The Grass Isn’t Always Greener on the Other Side

grass beforegrass afterGrowing up in the country, I’ve been accustomed to having fields of green surrounding my home my whole life. The lush, soft, dewy carpet of grass was always familiar to the bare feet of my childhood days. Even the scent of a freshly mowed lawn has a soft spot in my list of favorite smells. So when Jacob, Winston and I moved to the suburbs, it was vital for me to have this same feeling. Yet, despite my best wishes, our side and back lawn were not in the best of conditions after this year’s harsh winter. Bald patchy spots were strewn across the yard, and the amount of dead grass was almost horrific. So with a little bit of research, several trips to Lowe’s and a green thumb, I transformed my lawn from a slightly barren wasteland (above top) to a lush lawn of freshly grown grass (above bottom). And here’s how I did it.

raking dirt grass

dead grassdead grassraking dirt grassraked up grassraking dirst grass1. Cleanup. As you can see from the picture to the right, there was much work that needed to be done to get this yard back to normal. The first thing anyone should do before planting new grass is to clean up the existing dead grass and aerate the soil underneath. It’s important to loosen up the dead grass and expose the existing dirt underneath so the grass seeds have the ability to grow. Start by taking a garden rake over the dead grass and begin pulling the blades out. With the amount of dead grass in our yard, I had to start forming large piles of it to keep it separated from the parts of the lawn that were still healthy. Once you have all the dead grass out of the way, you can start aerating the soil. By aerating the soil, it loosens up the dirt and removes any debris that would get in the way of the grass seeds, such as rocks, weeds and leaves. Your yard may start looking like a pile of dirt toward the end, but trust me. It’s well worth it and — more importantly — necessary to get fresh grass growing.

grass seed closeup2. Planting the grass seed. Before I event started laying down new seed, I spent weeks researching which grass to buy and the best method for planting it. At first, I planned on getting Kentucky Blue grass for long luscious grass blades, along with some straw to pack it down. However, when I got to our local Lowe’s store, the attendant showed me something a little bit easier to use: the Pennington 1 Step Sun and Shade Mixture.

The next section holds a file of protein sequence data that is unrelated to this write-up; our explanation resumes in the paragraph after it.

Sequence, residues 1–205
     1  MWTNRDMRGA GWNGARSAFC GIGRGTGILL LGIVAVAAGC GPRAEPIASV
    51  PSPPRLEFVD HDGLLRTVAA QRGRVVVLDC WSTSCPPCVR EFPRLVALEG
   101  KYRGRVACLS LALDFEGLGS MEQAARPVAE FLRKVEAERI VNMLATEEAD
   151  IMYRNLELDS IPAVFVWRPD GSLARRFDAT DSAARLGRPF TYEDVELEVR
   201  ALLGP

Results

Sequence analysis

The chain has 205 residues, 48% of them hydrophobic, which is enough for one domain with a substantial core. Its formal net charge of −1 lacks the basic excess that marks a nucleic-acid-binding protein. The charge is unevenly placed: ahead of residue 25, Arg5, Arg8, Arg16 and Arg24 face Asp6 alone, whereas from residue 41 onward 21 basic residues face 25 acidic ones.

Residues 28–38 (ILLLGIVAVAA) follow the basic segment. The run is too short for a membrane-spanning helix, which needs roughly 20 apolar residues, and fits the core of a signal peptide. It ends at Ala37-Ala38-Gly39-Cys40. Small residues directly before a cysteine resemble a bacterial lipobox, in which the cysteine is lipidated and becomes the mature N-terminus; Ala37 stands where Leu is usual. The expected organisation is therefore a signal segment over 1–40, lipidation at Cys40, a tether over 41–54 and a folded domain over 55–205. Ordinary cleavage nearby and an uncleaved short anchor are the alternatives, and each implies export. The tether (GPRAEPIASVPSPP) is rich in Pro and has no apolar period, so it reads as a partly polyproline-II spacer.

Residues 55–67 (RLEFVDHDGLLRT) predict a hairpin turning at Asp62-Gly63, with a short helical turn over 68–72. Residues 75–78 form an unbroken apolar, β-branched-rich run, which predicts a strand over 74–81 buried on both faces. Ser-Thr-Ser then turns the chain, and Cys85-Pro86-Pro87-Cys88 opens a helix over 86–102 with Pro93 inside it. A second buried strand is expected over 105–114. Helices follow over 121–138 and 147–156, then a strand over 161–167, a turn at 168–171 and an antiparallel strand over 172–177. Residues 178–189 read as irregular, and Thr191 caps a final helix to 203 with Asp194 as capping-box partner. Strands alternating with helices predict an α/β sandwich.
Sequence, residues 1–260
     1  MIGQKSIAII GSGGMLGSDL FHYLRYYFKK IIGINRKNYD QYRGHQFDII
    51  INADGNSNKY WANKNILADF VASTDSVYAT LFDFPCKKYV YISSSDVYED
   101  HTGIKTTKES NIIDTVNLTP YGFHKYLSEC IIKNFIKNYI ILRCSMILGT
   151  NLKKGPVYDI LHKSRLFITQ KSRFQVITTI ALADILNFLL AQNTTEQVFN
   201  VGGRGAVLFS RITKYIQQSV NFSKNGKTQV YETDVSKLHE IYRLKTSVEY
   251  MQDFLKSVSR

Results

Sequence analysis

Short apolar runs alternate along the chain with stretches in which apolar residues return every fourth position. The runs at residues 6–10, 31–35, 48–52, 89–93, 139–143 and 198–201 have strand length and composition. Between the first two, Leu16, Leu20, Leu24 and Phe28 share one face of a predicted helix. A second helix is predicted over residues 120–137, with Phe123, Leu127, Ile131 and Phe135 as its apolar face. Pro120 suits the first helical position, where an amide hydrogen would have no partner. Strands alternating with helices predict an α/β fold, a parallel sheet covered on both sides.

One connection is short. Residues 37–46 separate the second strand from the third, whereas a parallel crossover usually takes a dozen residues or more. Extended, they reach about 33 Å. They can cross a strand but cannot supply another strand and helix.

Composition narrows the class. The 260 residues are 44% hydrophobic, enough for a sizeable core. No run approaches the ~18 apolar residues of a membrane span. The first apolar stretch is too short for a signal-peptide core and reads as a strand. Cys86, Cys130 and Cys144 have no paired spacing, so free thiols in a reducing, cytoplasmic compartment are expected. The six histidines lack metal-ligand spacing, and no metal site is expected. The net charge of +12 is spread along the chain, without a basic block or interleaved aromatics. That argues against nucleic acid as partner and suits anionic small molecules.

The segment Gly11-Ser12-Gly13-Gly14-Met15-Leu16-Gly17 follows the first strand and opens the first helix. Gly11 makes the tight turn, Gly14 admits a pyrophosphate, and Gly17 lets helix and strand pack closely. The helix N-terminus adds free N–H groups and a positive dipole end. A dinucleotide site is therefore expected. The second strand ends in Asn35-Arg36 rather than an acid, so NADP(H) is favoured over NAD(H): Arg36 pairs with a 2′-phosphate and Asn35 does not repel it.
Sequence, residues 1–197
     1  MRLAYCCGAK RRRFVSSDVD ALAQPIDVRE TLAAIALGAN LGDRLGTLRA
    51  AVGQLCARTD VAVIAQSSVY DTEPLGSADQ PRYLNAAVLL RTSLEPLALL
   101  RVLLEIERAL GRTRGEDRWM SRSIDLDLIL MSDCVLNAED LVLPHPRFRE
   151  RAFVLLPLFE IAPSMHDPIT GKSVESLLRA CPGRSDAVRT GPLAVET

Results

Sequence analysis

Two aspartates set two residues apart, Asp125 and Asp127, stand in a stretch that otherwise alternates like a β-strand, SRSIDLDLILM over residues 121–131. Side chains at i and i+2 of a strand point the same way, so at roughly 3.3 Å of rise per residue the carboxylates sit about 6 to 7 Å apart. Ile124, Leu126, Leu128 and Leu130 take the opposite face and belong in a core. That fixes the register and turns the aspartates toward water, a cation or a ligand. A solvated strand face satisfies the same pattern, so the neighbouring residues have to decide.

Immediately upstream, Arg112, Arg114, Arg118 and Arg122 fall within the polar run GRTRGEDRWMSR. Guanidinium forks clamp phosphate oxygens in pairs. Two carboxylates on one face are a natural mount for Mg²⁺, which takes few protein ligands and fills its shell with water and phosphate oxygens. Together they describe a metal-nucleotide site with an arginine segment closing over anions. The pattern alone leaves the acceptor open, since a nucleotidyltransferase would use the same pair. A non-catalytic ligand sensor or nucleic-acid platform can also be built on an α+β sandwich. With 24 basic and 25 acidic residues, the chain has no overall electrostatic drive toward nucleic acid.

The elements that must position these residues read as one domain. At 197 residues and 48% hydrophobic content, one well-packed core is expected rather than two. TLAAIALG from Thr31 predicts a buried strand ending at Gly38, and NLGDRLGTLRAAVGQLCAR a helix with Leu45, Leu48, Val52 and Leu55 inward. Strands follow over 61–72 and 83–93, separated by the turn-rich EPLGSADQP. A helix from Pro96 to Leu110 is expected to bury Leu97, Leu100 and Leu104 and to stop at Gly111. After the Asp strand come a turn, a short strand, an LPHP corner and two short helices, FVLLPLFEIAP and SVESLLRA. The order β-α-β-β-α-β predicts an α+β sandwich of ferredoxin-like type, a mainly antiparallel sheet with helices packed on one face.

grass seedgrass seed groundwater grass seedgrass seed lawnI was hesitant at first, but I can now say it’s well worth it. The one step mixture combines fertilizer, mulch and grass seed in an easy way to not only protect the grass but aid in its growth. So with this decided and despite multiple trips back to Lowe’s to buy more bags of grass seed (I under-estimated tremendously), I was ready to plant my grass seed. The mixture comes in a dry form and almost blue-green texture. For each bald spot you aerated previously, spread about 1/8 of an inch of the mixture across the area. Since we removed the rocks and leaves, it makes it easier for the mixture to settle into the soil. Make sure you take your time moving from spot to spot until you yard starts looking full of bluish-green oblong polka dots. After all the seed is down, it’s time to water. The first watering you do is essential for the seed to gain much-needed nutrients . Unfortunately, I only had a watering can when I first started this project so I highly recommend having or getting a hose to lightening the load of walking back and forth to the water source. The watering will make the color turn a darker blue, too. Make sure to water a lot before the grass starts coming through — sometimes up to two times a day if you live in a typical dry area. The important thing is to make sure the texture stays that dark blue color and not turn back into a dried-out look.

baby grassbaby grassbaby grassbaby grass3. Patience. It really is a virtue. It ended up taking about 30 days before I saw the full result of the grass I planted. After about two weeks, I really started to worry that I had wasted my money’s worth and time getting this stuff in the ground. But then it happened. One day it was wasn’t there and the next it emerged. It felt like waking up on Christmas day and seeing presents under the tree. My baby grass started pushing up and out of the ground all over the place. No matter the amount of work put into it, the reward felt phenomenal. Who knew I could get so excited about new grass? You can probably start watering down to once a day after the blades come through and make sure to refrain from mowing until the grass matures more — about two or three more weeks.

grown grassbaby grass4. The final product. After about a month of maintenance and tending, put away the garden hose and pull out the mower you’ve desperately been needing to use. The grass should be fully grown by this point and can sustain its own nutrients without your extra help. It will also be embedded into the ground more so cutting it won’t harm anything. When all is said and done, you should have a beautiful new yard to enjoy for the summer. Despite a harsh winter this year, there’s no stopping you from helping your lawn come back to life. The last step you absolutely need to do is pat yourself on the back for a job well done.

baby grassTo find the Pennington 1 Step Complete mixture that’s right for you, check out this link or visit your nearest Lowe’s store: http://low.es/1hTOqNq

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